Black locust belongs to the group of ring-porous deciduous tree species.
The thin sapwood (about 2-6 annual rings) is bright yellow, the colour of the heartwood varies from yellowish-brown to greenish-grey. There are no extractives and extraneous materials in the sapwood, therefore its durability and mechanical properties fall behind those of the heartwood. The heartwood formation takes place in black locust in two manners: heart wood forming substances get deposited on the one hand, and tyloses penetrate into the vessels and clog them on the other. The most important of these substances are tannins, resins, pigments, gum and robinetins. Above all, tannins and robinetins are essential for the durability of black locust heartwood. Sapwood contains much moisture and many simple organic compounds, and so fungi and insects are attracted.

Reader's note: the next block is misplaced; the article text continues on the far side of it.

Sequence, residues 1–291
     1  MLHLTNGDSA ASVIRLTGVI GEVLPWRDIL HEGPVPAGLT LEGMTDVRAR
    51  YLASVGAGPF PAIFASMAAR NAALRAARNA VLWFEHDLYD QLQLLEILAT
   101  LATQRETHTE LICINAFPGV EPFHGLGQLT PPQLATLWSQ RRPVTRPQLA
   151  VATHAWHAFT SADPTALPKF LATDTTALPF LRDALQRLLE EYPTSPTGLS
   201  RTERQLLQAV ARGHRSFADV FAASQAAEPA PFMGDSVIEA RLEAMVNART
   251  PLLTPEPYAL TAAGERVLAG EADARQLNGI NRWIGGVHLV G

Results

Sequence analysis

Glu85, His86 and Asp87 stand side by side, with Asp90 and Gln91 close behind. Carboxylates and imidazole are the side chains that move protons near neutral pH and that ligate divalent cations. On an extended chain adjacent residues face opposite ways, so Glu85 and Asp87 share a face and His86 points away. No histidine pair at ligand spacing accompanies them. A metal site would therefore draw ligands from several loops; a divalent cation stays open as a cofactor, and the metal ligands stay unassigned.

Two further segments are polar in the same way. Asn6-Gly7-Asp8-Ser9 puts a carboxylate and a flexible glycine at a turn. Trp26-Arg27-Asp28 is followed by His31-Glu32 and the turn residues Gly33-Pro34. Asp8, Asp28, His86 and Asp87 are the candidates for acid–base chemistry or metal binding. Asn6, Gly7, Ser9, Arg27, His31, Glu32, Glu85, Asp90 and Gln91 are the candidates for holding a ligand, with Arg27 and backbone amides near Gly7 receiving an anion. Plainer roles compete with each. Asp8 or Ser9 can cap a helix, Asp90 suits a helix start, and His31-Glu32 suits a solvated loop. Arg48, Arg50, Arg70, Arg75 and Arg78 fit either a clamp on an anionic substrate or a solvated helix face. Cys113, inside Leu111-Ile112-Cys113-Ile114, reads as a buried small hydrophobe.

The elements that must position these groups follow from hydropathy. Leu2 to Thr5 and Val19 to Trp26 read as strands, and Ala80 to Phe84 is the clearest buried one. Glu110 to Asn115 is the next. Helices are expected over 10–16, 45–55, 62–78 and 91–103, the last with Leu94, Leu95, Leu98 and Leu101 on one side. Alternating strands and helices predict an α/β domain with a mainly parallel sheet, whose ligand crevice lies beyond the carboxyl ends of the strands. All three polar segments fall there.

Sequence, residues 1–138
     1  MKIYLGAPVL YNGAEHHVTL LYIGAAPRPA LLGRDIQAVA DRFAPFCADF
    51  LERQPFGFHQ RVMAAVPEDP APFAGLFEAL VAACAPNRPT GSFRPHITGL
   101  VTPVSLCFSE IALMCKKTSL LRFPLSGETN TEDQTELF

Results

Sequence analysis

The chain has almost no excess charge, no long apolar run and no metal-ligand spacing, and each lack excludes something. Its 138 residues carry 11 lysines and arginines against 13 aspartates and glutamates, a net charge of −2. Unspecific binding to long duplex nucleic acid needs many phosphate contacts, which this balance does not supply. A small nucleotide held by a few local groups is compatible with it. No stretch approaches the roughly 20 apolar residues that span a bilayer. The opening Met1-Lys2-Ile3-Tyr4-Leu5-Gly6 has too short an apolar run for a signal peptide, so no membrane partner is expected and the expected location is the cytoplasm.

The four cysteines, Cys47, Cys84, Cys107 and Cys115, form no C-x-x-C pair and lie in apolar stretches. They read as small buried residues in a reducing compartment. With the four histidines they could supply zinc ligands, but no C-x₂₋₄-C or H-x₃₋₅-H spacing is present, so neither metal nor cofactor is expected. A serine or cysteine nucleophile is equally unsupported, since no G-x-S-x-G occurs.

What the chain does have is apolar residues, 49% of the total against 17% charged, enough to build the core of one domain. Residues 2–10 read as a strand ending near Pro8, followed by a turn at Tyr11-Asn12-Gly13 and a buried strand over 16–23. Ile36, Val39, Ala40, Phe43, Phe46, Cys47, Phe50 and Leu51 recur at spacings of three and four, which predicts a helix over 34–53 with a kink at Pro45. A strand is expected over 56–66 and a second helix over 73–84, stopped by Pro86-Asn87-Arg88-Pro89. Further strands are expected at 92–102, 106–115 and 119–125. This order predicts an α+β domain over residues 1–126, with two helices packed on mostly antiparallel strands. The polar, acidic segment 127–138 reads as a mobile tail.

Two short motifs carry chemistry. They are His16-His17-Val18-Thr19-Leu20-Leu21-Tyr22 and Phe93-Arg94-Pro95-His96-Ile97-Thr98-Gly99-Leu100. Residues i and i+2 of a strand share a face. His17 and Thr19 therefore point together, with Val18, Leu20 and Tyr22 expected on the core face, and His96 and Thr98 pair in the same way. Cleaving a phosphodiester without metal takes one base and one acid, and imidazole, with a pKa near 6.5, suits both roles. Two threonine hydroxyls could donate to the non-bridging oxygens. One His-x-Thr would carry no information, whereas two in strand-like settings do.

The wood of black locust, like that of ring-porous trees in general, has distinct annual rings and latewood/earlywood boundaries. According to our measurements, the ratio of latewood in trees from a 30-35 year old black locust stand amounts to 77%, and the average annual ring width is 3.0-3.5 mm.